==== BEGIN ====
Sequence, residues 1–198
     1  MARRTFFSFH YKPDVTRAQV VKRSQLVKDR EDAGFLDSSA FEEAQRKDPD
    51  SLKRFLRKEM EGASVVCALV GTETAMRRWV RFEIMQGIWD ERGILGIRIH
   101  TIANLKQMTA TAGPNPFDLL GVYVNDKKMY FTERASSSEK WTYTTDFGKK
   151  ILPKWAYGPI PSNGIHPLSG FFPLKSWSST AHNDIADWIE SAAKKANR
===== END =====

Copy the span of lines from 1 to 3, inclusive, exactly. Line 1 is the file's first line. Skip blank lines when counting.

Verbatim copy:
Sequence, residues 1–198
     1  MARRTFFSFH YKPDVTRAQV VKRSQLVKDR EDAGFLDSSA FEEAQRKDPD
    51  SLKRFLRKEM EGASVVCALV GTETAMRRWV RFEIMQGIWD ERGILGIRIH